On Readers, Importance of

October 6th, 2009 · 4 Comments
by Kassia Krozser

In which a very smart man says it better than we ever could:

One of the things we’re doing the best, I think, is engaging with our audience, and listening. Publishing is a very insular industry, where insiders are constantly talking to each other, but very rarely do they actually talk to or listen to the actual end customer: the reader. There have traditionally been some very valid arguments as for why this is the case, but as digital media democratizes the world more and more, those arguments become much less convincing or even relevant.

Tor.com is one way in which we’re talking directly with readers, listening to what they have to say, and we’re finding out a lot about them. And I do mean a whole hell of a lot—some of the very dearly-held assumptions of the publishing industry really don’t hold much water with the reading public, and it’s very sobering to compare and contrast what I see and read every day on Tor.com in particular and the internet in general with what I see and hear from within the walls of the Flatiron building.

File Under: Quote of the Week

4 responses so far ↓

  • Sean Cranbury // Oct 7, 2009 at 11:27 am

    Thanks for posting the quote and the link, Kassia.

    I was out for drinks with some very passionate and experienced publishing people in Vancouver last night and we discussed this notion at length.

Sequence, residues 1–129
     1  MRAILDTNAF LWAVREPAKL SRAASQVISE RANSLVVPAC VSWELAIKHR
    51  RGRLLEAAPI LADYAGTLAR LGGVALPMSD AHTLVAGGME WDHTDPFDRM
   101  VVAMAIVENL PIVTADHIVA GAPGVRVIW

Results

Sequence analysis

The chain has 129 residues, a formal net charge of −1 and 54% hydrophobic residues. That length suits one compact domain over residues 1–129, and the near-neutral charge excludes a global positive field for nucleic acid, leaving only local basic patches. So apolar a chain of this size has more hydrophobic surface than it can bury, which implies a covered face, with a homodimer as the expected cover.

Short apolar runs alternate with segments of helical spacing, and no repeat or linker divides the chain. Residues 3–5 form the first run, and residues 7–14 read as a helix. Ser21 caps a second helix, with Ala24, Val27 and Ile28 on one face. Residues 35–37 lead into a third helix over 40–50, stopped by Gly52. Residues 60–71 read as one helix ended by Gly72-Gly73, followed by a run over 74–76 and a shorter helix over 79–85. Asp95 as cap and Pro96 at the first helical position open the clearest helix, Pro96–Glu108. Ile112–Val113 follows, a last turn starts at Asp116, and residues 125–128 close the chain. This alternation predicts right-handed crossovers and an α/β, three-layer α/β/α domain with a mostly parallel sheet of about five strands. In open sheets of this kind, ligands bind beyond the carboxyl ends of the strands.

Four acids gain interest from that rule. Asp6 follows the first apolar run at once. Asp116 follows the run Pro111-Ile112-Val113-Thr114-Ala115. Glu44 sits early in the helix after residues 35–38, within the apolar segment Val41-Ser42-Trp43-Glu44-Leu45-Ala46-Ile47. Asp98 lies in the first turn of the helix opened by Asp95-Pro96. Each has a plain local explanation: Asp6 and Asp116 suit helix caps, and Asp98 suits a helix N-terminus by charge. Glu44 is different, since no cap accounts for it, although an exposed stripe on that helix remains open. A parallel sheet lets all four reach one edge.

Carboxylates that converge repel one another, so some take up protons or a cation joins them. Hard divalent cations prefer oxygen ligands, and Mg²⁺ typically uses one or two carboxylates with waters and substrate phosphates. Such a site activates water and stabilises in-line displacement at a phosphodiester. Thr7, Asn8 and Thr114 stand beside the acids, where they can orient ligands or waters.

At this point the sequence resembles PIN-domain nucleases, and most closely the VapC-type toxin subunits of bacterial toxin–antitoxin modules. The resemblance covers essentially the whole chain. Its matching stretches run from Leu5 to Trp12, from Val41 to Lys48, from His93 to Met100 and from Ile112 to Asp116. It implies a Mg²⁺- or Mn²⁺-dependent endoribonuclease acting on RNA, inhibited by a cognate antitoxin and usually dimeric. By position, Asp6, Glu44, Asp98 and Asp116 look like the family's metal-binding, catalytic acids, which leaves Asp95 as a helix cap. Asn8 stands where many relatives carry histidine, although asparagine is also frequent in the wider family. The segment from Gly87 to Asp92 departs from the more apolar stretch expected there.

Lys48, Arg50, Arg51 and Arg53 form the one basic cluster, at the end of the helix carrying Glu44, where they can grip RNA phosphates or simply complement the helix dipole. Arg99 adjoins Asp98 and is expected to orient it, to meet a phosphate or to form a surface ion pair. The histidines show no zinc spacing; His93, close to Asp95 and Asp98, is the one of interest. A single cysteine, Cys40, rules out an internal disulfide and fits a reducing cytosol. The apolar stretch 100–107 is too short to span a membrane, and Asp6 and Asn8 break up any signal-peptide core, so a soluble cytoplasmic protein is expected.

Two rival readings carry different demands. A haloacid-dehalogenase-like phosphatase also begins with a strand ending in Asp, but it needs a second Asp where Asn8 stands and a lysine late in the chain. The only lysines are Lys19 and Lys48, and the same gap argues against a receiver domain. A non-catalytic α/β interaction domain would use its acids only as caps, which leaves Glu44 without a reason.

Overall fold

My experience comes from more than 10 years as an independent bookseller as well as an independent publisher.

    There’s always lots of talk about ‘what the customer wants’ online and at publishing meetings and I often wonder whether the people speaking about ‘what a customer wants’ has ever been in a situation to actually find out.

    Have they ever actually served a customer? Ever actually experienced that intimacy? If they ever had they’d know that every customer is different and that there’s levels of give and take, it’s a conversation and a sharing.

    It’s like Mr Defendini says, ‘engage the audience and listen.’

    Thanks for posting!

  • Stan Scott // Oct 7, 2009 at 2:43 pm

    A couple of weeks ago, there was a discussion here on how publishers might have to change to survive the transition to ebooks. It was interesting to me that no one talked about what the READER might want; it was all from he provider’s point of view. Just as Apple did with the MP3 player, there’s a lot of money to be made, if someone can just figure out what the readers really want.

  • Kassia Krozser // Oct 7, 2009 at 9:04 pm

    Stan, you’re right that the reader is often the missing part of the equation. Part of this is because the reader isn’t really the customer of the publisher, so there’s a natural tendency to work within the context of the existing system. Of course, it’s the publishers who pay attention to readers who are garnering lots of reader love and appreciation.

  • Kassia Krozser // Oct 7, 2009 at 9:07 pm

    Well said, Sean, well said.